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April 20, 2018


Snow caps the mountain while an inferno fires the enormously musical heart of Ricky Skaggs.

Twenty years after J.D. Sumner declared “Country rocks ... but bluegrass rules” on Skaggs’ return to bluegrass via 1997’s “Bluegrass Rules!,” the song-wielding warrior looks back while barreling forth.

Ride along with Kentucky Thunder and its leader on Saturday. Pervaded in substance and renewed commitments to fans and self, Skaggs returns to the Paramount Center for the Arts in Bristol, Tennessee, as if born again.

“I’ve got a bunch of young rascals coming with me to the Paramount,” said Skaggs, last week from Louisiana. “These boys look up to me like I looked up to Ralph and Mr. Monroe.”

That’s Ralph as in Stanley and Mr. Monroe as in Bill, the father of bluegrass. In the midst of a lifetime of music that’s now well beyond 50 years as a practitioner, Skaggs belongs among bluegrass’ elite band of legends.

“I’ve certainly got the gray hair to prove it,” Skaggs said. “I never really think of (being a legend) as that. I just don’t. I’m 62. I feel like I’ve got a lot of years left.”

Consider Skaggs’ route to greatness. First came the G, C and D chords as taught by his father, Hobert Skaggs. At age 6, he played Monroe’s mandolin in the presence of the master. By age 7, he was on television with Lester Flatt and Earl Scruggs. As a teenager, he and Keith Whitley took their place in Stanley’s Clinch Mountain Boys band. Add stints with J.D. Crow, Boone Creek and Emmylou Harris. He seemed bound for a lifetime in bluegrass.

But then he went country. A long string of country smashes including “Highway 40 Blues” and Grammy awards won filled the 1980s and ’90s for Skaggs as a leader in country’s new traditionalist movement.

“I knew that I was not going to keep up with Brooks and Dunn or Garth Brooks,” Skaggs said of the principles behind country music’s major change during the 1990s. “The circus, just trying to keep up, I couldn’t do it. I never considered myself an entertainer when it was more about the entertaining and not the songs. I love Garth. He’s a good friend. But I chose a different path.”

Like water in search of the well, Skaggs returned home. He formed Skaggs Family Records, bought the Oak Ridge Boys’ recording studio, took over his career and recorded 1997’s “Bluegrass Rules!”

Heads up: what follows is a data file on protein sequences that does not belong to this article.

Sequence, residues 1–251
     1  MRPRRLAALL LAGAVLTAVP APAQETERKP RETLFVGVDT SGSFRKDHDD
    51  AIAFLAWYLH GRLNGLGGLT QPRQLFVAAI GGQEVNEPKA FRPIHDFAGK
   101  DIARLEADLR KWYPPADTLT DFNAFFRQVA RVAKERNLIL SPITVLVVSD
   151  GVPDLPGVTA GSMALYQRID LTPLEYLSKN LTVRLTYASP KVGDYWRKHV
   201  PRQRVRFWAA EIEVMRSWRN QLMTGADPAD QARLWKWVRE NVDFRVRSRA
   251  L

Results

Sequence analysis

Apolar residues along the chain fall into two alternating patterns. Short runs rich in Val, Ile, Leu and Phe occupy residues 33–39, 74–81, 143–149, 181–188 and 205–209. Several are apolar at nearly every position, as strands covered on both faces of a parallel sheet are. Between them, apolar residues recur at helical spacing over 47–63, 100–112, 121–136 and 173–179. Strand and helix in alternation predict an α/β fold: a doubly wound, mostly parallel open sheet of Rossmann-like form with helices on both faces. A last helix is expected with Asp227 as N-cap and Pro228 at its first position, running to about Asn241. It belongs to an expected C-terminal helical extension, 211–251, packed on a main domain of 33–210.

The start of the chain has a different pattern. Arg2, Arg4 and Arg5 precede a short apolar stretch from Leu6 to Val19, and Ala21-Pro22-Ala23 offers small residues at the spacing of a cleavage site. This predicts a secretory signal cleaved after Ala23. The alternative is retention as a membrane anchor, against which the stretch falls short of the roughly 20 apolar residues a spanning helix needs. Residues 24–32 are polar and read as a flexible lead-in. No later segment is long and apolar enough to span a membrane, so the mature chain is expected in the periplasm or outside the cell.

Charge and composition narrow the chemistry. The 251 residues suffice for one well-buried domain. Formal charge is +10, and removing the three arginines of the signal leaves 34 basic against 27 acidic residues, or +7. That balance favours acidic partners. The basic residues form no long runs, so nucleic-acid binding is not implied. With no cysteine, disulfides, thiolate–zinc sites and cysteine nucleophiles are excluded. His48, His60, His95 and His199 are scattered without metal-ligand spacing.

“I feel like we drove a stake in the ground and took over my claim in bluegrass,” Skaggs said. “I could never take Bill Monroe’s place. I wanted to play bluegrass for a younger generation. I wanted to do my part in keeping bluegrass alive.”

Skaggs was no rank stranger. Grammys kept coming; Skaggs owns 15. Album sales continued. His walls feature paint, platinum and gold.

“I never tried to work for an award. I came to Nashville to play music,” Skaggs said. “I never worked for number one records. I never worked for gold and platinum records. But there are things that come from awards.”

Fans came and stayed. Country and bluegrass stars of yore from Ernest Tubb to Bill Monroe never shied away from a fan in search of an autograph. Tubb famously laid the groundwork that generations of artists followed suit.

“I look forward to going out to the autograph table. I used to dread it,” Skaggs said. “I’ll go on the record now and say it: I just didn’t want to be out there.”

Skaggs said that his loss of weight led to a realization that he needed to repent. That spurred on his change of heart relative to fans, autographs and such.

“It’s all about them,” Skaggs said.

As when he first picked up a mandolin, took to the bluegrass highway, went country, came back and marches onward today — Ricky Skaggs travels along as a work in progress. He loves God, his family, career and music. But rest assured, he loves you, too.

“I feel like when I repented and asked God to forgive me, the love in my heart for Him, my family, for people — it all changed,” Skaggs said. “I hope (fans) get a sense that I’m a humble, down to Earth person.”